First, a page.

PGS initiatives are what IFOAM Organics International refers to as “locally focused quality assurance systems” and is the only real alternative to third-party certification. Often initiated by NGOs and cooperatives, PGS stresses active participation, trust, and cooperative knowledge networking, which ensures they remain much more suitable for smaller markets and supply chains. These grass-roots programs are built and maintained by their members meaning they’re much more affordable for and can easily account for a range of different environmental conditions, producers, and solutions.
PGS Initiatives in Vietnam:
There are only a few PGS projects currently operating in Vietnam. The Vietnam Farmer Association is a Danish project that has been working in and around Hanoi since 2008 and has since spread its efforts to the central coast region near to Hoi An. Seed to Table is another community-driven initiative currently operating to enhance organic farming and protect natural resources in Ben Tre on the Mekong Delta.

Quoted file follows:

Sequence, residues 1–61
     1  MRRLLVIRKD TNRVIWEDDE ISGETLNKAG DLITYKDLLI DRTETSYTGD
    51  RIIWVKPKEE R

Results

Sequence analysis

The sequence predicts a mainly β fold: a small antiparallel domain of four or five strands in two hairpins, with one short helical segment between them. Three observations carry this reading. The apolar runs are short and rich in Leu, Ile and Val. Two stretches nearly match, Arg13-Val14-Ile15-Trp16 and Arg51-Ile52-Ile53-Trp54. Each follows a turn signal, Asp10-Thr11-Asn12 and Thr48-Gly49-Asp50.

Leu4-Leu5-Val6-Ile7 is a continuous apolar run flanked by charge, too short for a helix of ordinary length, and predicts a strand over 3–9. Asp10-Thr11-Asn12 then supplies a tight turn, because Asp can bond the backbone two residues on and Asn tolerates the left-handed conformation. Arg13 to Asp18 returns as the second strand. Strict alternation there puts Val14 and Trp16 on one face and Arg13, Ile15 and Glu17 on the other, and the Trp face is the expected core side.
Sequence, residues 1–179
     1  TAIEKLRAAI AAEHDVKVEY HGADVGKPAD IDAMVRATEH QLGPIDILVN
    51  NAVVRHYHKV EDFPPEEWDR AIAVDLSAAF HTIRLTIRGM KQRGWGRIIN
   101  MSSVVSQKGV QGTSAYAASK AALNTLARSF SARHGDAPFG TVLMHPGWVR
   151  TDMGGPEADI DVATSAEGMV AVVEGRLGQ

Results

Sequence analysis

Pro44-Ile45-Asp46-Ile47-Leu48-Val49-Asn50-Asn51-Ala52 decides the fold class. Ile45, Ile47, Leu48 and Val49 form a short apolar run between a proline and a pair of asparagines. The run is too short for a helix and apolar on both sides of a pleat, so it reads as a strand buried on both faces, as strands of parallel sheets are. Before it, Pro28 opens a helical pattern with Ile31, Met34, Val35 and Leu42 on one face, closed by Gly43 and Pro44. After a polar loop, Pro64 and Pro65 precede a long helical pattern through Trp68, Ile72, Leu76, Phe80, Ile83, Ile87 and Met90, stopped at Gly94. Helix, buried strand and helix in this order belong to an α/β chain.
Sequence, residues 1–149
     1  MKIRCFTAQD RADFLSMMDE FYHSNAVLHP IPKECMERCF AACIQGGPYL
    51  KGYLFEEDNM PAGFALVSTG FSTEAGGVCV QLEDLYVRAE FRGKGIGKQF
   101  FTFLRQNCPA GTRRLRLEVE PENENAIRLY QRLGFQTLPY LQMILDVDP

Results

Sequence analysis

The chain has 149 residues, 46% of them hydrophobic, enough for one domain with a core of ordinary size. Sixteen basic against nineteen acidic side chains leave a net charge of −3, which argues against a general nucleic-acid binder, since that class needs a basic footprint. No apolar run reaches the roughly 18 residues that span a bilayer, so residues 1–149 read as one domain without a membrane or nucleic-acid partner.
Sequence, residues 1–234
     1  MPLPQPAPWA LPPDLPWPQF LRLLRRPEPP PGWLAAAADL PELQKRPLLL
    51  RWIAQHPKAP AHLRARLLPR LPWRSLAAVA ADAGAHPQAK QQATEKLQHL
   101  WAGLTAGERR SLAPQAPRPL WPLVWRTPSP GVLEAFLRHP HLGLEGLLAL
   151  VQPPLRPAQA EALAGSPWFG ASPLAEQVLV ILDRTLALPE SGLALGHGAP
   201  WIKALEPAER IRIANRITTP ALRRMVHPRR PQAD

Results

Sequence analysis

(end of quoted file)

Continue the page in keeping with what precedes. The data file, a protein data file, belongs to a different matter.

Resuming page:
While these PGS certifications aren’t officially recognized by the Vietnamese government they are commonly accepted by retailers and consumers and continue to actively educate and work towards ensuring smallholders benefit from adopting organic principles. ‘
Mekong Organics: Enhancing Organic Farming in Vietnam
Most Vietnamese organic farmers, and those wishing to make the switch, are individual smallholders. Most are without proper support and many unfortunately fail to cope with unforeseen problems, including the initial loss in profit – an inherent feature of organic farming. Mekong Organics, an Australian-based organization, has identified a knowledge gap between producers, certifiers, and markets and has developed a solution they believe will give organic farmers in Vietnam a better chance to succeed.
I recently had the opportunity to have a chat with Dr. Kien, the director of Mekong Organics, about what they’re doing for local farmers and why. He says that while “Vietnamese farmers are highly skilled and able to quickly scale up production of a wide variety of crops, they often struggle with organic methods due to a lack of knowledge and restrictions in market access”.